Sign up FAST! Login

The Lean Startup Movement has only just begun.

Stashed in: Startups, 106 Miles, @ericries, Movements

To save this post, select a stash from drop-down menu or type in a new one:

I noticed that Eric Ries has built The Lean Startup website in advance of The Lean Startup book, which comes out September 13, 2011.

It does feel like the Minimum Viable Product movement has really just gotten started.

Startup Lessons Learned had a sold out conference in May -- you can watch the complete video streams for free.

Also worth reading: On August 3, Lara Druyan interviewed Eric Ries at a very special 106 Miles event; I tweeted my 49 favorite lines from Eric.

After enjoying this guide to Minimum Viable Product, one thought comes to mind.

Building a minimum viable product is hard.

See also: How do I learn to fail better?

And: Should startups take VC money?

Here's how I look at it: A primary goal of BDD (Behavior Driven Development) is meeting "stakeholder" goals. MVP extends BDD with the goal of insuring product salability.

That's a lot of words, John. In practice it is very hard to build something people want.

How do I know? Look at how many products have been built, that people don't want.

Of course it's hard, which is why methodologies like MVP are so important and rising in popularity. My point is that engineering (and startup) success can be amplified (or risks and mistakes reduced) by extending BDD with this focus on what the customer will pay for.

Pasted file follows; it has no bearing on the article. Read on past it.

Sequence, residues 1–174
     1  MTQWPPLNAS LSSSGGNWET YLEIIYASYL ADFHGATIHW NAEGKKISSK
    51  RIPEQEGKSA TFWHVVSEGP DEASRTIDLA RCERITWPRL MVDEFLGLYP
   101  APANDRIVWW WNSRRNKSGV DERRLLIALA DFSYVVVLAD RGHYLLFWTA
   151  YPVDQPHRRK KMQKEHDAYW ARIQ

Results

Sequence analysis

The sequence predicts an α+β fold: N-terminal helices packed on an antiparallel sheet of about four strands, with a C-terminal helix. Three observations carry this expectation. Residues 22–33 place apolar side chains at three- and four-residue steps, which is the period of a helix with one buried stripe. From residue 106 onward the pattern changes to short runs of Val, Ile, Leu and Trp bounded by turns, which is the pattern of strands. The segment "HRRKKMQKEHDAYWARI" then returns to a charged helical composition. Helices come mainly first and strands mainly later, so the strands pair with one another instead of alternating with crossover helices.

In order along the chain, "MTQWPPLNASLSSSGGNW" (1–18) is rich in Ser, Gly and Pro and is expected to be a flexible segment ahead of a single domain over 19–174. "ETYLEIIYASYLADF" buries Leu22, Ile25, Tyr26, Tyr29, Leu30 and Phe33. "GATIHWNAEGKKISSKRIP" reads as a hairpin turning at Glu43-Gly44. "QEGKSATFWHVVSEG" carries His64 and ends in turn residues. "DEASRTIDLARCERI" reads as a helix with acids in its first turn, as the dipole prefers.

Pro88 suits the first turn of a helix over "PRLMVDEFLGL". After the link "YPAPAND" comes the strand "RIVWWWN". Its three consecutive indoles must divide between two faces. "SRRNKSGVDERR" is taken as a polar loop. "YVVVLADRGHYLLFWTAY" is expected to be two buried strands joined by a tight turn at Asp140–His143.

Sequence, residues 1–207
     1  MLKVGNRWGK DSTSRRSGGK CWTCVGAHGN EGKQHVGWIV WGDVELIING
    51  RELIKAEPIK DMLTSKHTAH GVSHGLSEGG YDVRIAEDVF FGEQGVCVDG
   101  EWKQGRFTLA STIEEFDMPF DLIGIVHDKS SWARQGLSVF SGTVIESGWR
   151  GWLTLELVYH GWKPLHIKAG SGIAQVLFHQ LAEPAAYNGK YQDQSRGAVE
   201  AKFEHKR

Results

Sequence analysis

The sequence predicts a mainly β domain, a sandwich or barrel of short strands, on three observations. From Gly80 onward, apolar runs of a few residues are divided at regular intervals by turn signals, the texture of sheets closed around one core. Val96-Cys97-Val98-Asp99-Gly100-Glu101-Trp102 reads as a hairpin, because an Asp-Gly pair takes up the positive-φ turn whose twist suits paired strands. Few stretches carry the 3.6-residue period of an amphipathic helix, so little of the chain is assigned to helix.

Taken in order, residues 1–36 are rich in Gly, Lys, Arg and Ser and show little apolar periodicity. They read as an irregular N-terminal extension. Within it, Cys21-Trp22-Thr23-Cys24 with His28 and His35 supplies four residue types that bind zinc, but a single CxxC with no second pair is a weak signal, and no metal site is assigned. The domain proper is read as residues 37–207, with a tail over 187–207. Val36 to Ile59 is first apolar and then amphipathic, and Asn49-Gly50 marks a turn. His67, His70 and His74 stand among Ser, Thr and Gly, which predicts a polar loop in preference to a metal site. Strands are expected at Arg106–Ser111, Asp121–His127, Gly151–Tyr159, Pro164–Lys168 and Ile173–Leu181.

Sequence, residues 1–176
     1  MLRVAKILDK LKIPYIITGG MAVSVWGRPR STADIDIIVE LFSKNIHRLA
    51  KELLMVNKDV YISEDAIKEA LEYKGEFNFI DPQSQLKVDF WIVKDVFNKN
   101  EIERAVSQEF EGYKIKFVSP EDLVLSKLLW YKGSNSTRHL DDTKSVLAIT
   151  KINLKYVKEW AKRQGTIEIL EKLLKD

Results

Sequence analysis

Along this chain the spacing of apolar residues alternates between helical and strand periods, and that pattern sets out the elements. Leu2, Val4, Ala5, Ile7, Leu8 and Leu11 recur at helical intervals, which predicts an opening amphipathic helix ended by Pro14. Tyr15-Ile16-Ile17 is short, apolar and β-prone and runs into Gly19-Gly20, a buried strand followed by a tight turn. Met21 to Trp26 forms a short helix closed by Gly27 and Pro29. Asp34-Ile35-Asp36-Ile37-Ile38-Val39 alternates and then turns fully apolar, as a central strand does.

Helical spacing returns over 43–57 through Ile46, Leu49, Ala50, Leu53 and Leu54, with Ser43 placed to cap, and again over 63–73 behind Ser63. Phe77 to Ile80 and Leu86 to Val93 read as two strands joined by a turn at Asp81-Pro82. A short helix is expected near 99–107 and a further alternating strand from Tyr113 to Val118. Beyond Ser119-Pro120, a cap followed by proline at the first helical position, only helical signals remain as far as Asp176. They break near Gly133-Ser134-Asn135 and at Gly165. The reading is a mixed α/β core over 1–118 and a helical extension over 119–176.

Got it. The challenge is when there are users involved, since they are generally a special kind of customer who pay with their time.

The writing equivalent of the MVP is the Shitty First Draft, whereupon the goal is to finish a version of the book, no matter how much is sucks. The saying goes "You can fix a bad page, you can't fix a blank one."

I really feel this is a nice analogy for the MVP: build something complete and usable. You can make it not suck in another iteration.

Also, the MVP idea can be extended to any piece of software, not just startups. I have a lot of trouble indoctrinating new and junior devs into this idea. "But it's not done yet..." Chances are, it will never be *done*, it just needs to be done enough for now. Next iteration, it'll be more done.

I like the mantra build something complete and usable.

If we look at the first release of Facebook, it pales in comparison to the Facebook of today. But it was complete and usable.

See also: How 20 popular websites looked when they launched.

You May Also Like: